Tag Archives: Pasta sauce

RIGATONI CON RAGU D’ANATRA (duck ragout)

Making a duck ragout/ragù with minced duck is not much different from making a good bolognese sauce.

It is the same cooking method, they are both slow cooked and have the same ingredients: the soffritto made by sautéing   in extra virgin olive oil minced / finely cut onion, carrot and celery.

I use the same herbs and add a grating of nutmeg.

Wine and good stock  are very much staples in my cooking, in this case I add white wine with the duck because it is a pale meat.

In this case the vegetables for the soffritto are not as finely cut as I would have liked, however my kitchen helper was in a hurry. I say this in a light tone, the sauce could have looked a little better, but it tasted good.

There are few little things that are different from making a bolognese and a ragù d’ anatra (duck ragout) to dress pasta:

The addition of a little milk or cream that is usual in the bolognese; this is because the duck is fatty. I watched the seller place  whole duck breasts into the mincer so the fat is to be expected.

Because of this abundance of fat I also skim some of the fat off the surface once the ragout is cooked.

I add is less tomato paste. When I make a ragout with duck or game, I make a brown sauce rather than red.

Sometimes, I also may add a few dried mushrooms to enhance the taste. The liquid also goes in.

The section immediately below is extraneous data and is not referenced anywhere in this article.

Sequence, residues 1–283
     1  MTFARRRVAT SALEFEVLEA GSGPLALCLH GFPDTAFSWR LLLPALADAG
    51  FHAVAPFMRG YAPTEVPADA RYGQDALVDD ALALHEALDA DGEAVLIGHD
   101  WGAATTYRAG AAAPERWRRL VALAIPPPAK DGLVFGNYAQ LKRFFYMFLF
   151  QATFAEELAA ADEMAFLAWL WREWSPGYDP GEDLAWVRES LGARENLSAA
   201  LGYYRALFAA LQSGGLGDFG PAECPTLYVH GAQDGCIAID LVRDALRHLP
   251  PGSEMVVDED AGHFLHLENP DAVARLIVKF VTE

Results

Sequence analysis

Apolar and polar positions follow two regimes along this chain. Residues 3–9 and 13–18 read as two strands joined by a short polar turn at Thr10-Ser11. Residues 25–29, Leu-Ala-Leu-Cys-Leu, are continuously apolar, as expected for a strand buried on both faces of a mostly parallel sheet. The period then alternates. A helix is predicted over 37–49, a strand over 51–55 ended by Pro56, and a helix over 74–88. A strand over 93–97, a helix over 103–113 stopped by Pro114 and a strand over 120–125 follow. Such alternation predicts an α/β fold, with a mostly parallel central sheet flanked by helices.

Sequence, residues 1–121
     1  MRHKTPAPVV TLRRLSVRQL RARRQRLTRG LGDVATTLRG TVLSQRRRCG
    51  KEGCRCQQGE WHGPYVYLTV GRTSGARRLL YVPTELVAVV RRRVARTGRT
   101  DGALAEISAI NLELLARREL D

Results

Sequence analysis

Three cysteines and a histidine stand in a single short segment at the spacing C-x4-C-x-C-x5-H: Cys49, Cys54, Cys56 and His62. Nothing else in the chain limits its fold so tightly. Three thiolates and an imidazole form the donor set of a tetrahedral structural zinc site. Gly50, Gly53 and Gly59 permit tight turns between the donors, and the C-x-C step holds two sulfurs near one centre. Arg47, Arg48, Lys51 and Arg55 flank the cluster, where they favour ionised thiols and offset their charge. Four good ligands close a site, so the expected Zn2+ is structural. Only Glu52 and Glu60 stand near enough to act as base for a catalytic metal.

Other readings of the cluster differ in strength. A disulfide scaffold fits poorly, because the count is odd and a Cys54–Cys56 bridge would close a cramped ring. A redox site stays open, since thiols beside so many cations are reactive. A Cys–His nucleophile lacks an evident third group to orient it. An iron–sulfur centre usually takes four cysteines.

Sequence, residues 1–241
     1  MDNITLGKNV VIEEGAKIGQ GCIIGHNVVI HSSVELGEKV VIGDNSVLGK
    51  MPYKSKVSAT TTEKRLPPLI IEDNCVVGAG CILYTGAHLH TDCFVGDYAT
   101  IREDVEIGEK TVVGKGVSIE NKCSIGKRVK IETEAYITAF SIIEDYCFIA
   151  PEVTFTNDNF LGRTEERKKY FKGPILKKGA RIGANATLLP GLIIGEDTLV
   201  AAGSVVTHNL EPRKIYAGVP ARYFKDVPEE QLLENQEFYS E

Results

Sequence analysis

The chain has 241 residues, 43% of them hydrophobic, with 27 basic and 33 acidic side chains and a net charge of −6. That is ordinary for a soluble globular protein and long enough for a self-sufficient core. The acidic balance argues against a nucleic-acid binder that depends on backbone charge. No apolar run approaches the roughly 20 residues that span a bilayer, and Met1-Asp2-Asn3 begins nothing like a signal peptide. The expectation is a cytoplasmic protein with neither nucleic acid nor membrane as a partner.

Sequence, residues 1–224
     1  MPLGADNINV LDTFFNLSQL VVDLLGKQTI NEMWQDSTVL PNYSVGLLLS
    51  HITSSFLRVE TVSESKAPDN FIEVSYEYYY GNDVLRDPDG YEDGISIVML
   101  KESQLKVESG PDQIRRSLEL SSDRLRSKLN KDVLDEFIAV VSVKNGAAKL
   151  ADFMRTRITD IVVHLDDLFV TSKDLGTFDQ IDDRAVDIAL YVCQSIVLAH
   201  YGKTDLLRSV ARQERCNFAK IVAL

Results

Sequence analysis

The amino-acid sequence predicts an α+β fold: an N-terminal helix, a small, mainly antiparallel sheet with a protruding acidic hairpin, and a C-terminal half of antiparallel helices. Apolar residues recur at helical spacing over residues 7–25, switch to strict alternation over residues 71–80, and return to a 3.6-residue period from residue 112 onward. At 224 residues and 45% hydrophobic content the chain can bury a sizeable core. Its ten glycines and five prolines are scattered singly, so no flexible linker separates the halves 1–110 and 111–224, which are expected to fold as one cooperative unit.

And there you have it:

Rigatoni con ragù d’ anatra (duck ragout).

SEE:

PAPPARDELLE (Pasta with Hare or game ragù)

RAGU` DI CAPRETTO – Goat/ kid ragout as a dressing for pasta

Sometimes, it is easier to tell a story and describe a recipe by photos.

Goat or kid if you can get it has been available for a while this season (Autumn in Australia). The mint on my balcony is doing well, celeriac is in season, the last of the red tomatoes also and there is a glut of carrots in Victoria at the moment. And all of these ingredients, cooked on low heat and for a long time made a fabulous ragout (ragù in Italian). On this occasion I used the braise as a pasta sauce. Good quality Pecorino cheese is a must.

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Goat cut into cubes – you can tell that it is not an old goat by the pale colour of the meat. It is trimmed of fat.

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The usual onion , part of the soffritto in most Italian soups and braises.

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Add a chopped carrot and instead of celery I used some celeriac and some of the inner leaves of the celeriac.

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Remove the soffritto, add a little more extra virgin olive oil and brown the meat.

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Add the herbs and spices. Recognise them? Salt and pepper too.

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A couple of red tomatoes.

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Top with liquid. I added a mixture of chicken stock (always in my freezer) and some Marsala, to keep it in the Sicilian way of things. On another occasion I may add white wine or dry vermouth.

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Cover the pan and braise slowly.

It does not look as good as it tasted…the perfume was fabulous too.

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Serve with fresh mint leaves and grated Pecorino.

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N.B.  Real Pecorino is made from pecora (sheep)..i.e. sheep’s milk. I used a Pecorino Romano. See how white it is in colour?